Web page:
I have been asked to write a monthly article explaining the English and European practices for sports maintenances, and renovations, so here goes!
I work for a company based near Manchester, England, that is responsible for the import and export from both the USA and Europe of machines and implements that aid the groundsmen in their task to produce perfect playing surfaces at their venues.
I have traveled to some of the best-known sporting venues and seen the fantastic results to sports fields (pitches) achieved through hard work and dedication, and also the frustration of overuse, underfunding or the wrath of Mother Nature.
At the STMA meeting in Daytona Beach, I had the privilege to meet with a great number of groundsmen from the USA and further afield (mostly in the bar) whose enthusiasm to provide the best playing field is generic throughout the fine turf industry.
Our methods of annual maintenance in the U.K. and parts of Europe are dramatically different to the USA, but you come to take for granted your own environment and standards until you meet and discuss with others and hear of their staff numbers, methods, climate, environment and budgets. However, the common denominator in all of the facilities is the health of the grass plant.
The playing surface will survive the rigors of the season if it is fit and healthy at the outset. Football (soccer) in Europe is a winter sport, with the first games being played in August and play lasting through until May. Winter game surfaces suffer, as the plant will, at some point, go in to a state of dormancy. Obvious problems will then occur that will leave a far less than desirable playing surface unless the surface and species are maintained and managed correctly.
With our season finishing in May, we have the opportunity to create a better playing surface for the next season; in years gone by, this was classed as “renovation time.” The biggest problem was that in May, even the worst pitches look good again, so pressure was put on the groundsmen to do minimal work and leave well enough alone. The more aggressive groundsmen would do several passes with a scarifier and try to collect the debris with limited success, and then overseed with their chosen variety of seed. The net result of this labor-intensive and costly renovation was probably a 98 percent Poa annua field that again will struggle to survive a season of winter sports. (Possibly a waste of time and money.)
Poa annua has to be eliminated from the playing surface to give the field any chance of surviving the period of dormancy that we normally get in late November through to early March. In Europe, to my knowledge, we do not have a chemical to remove only Poa annua from a surface, and our chemical usage of any sort is very restricted due to European legislation that has become more widespread and restrictive over the last 10 years, and I believe is now happening in some of the U.S. states.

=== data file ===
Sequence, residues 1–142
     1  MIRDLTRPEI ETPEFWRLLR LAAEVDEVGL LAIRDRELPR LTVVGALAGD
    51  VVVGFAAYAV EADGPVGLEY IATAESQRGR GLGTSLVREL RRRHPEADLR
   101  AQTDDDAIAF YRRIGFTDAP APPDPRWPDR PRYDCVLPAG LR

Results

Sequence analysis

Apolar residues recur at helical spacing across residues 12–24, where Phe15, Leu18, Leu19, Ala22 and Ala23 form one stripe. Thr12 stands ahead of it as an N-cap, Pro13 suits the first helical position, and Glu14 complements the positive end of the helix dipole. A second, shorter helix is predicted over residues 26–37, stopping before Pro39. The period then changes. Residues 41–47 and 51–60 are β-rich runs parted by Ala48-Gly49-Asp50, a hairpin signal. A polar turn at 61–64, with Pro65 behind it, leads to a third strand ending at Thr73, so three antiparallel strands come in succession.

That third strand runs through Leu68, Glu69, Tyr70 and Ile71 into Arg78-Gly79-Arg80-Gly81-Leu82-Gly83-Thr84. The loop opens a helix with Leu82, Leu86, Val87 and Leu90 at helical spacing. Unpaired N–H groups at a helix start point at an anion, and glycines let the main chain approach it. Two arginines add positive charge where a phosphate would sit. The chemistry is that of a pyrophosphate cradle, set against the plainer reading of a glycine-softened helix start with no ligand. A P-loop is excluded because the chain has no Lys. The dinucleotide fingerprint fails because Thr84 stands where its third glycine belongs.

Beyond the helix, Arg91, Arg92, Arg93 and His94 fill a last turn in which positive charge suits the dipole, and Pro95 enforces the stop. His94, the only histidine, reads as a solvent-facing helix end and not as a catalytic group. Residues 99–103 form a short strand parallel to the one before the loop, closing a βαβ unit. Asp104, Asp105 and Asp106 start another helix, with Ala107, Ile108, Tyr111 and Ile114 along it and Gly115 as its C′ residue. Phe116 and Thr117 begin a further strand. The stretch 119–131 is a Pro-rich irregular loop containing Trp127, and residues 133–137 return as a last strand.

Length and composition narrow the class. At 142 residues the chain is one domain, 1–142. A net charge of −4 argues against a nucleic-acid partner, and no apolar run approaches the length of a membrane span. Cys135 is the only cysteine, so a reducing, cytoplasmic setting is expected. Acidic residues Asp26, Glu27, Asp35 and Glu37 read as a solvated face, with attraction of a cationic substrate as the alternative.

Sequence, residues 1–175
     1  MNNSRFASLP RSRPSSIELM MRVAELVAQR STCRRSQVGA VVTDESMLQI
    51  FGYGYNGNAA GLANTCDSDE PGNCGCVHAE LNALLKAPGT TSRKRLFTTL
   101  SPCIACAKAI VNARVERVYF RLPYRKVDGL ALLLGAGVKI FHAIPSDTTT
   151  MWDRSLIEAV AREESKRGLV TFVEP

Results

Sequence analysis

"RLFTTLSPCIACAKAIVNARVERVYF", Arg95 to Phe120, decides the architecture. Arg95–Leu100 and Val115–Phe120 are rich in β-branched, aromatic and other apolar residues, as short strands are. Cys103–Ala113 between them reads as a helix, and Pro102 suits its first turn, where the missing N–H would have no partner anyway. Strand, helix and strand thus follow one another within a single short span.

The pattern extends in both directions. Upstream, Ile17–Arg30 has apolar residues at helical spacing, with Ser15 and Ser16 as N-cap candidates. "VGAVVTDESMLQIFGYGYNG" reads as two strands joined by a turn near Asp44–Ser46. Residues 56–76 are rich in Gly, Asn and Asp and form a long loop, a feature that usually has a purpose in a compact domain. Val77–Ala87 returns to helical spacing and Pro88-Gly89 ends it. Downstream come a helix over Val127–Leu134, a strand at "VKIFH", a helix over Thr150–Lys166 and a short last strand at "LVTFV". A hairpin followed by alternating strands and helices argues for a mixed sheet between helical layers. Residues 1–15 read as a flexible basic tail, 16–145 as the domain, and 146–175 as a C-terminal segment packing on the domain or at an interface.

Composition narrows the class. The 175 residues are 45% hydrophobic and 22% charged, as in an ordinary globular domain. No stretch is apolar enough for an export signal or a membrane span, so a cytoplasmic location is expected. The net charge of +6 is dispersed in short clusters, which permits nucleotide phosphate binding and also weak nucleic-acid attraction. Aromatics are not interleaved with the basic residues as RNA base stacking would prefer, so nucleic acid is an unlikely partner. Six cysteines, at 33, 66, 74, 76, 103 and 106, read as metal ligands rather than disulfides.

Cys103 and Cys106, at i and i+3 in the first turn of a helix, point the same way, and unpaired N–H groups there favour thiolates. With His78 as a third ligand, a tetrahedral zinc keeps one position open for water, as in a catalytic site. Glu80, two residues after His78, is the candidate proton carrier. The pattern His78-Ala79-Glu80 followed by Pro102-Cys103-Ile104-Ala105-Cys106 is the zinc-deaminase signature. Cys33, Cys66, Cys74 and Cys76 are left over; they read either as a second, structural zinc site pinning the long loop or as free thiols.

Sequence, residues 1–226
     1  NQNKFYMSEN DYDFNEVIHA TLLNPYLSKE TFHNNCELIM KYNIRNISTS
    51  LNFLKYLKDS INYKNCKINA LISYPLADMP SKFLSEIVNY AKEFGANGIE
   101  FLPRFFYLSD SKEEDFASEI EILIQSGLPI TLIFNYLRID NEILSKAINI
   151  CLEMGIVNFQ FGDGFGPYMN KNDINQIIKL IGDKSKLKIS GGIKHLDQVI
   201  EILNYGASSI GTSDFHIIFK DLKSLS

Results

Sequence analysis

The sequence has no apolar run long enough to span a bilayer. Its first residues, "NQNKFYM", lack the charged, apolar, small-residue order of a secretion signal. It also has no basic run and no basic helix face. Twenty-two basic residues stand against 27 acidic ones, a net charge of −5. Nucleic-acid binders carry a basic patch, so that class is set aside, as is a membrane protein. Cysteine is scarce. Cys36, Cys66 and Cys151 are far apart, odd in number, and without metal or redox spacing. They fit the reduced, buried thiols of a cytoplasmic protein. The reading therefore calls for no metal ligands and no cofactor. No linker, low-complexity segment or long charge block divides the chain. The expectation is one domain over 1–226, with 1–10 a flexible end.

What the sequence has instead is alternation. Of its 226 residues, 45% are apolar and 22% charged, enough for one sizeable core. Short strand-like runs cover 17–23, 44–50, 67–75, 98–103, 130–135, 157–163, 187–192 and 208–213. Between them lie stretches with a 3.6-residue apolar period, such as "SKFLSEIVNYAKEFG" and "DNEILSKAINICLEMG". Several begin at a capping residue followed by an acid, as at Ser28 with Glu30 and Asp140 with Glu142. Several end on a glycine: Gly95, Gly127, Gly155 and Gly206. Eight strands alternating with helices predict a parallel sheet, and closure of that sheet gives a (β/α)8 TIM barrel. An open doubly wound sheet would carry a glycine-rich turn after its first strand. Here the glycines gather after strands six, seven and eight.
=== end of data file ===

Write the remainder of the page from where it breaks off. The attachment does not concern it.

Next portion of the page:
Nature and technology need to be combined to assist a groundsman to keep his pride and sanity, enable his employer to use the venue in a more lucrative and cost-effective manner, and provide players with a consistent surface. A man responsible for over 180 pitches in Rotterdam, the Netherlands, went a long way to enable this to be achieved; this man is Ko Rodenburg.
Rodenburg was faced with the same winter pitch problem of Poa annua domination and vulnerability, but he invented a tool to remove this problem. He designed the machine that is now the Koro (named after him) Field TopMaker. In Europe, particularly England, we now use the Field TopMaker (FTM) not to renovate, but to prepare and create a pitch. We want a clean Poa annua-free surface with a 100 percent perennial rye sward or, in some cases, up to 20 percent Kentucky bluegrass. With these chosen varieties we have a surface that has a good chance of surviving the dormant period and is more tolerant of heavy play, cold weather, rain or snow, and has the ability to recover at lower temperatures.
We have also seen many advancements in pitch construction in the last 10 to 15 years, with near sand-based fields with efficient drainage, under-soil heating, surface stabilization using synthetic fibers mixed into the surface (Fibresand), and more recently Fibrelastic to aid both stability and with hard surfaces. Vertical stabilization (Desso) has become a successful and accepted surface at many of the Premier Football stadiums, and those that can afford it will have stabilization of some form at their training grounds, as they will be subject to a higher level of play.
Stadiums at the wealthier clubs have seen the introduction and growth in popularity of grow lights. They are used to create an artificial season, meaning it is possible to keep the grass growing and, more importantly, recovering in the winter months. So, for John Torres, “There is a light, and it never goes out!”
Even with all the advancements in construction and equipment, we are totally reliant on the groundsman. He needs a combination of skills and a level of education, desire, pride with confidence to experiment, not just follow the herd, and, of course, he needs financial backing.
In the U.K., we only re-turf (sod) if a pitch has failed or we have not had time to grow in from seed because of concerts or other uses. Preseason, we always clean away the organic matter, thatch, and grub out the Poa annua plant and root system, and down to the growing eye of the ryegrass plant, and this will regrow. We can then prepare the pitch for the next and most important season, the next couple of months we get very busy with the pitch preparation.
Simon Gumbrill is sales director at Campey Turf Care Systems, U.K.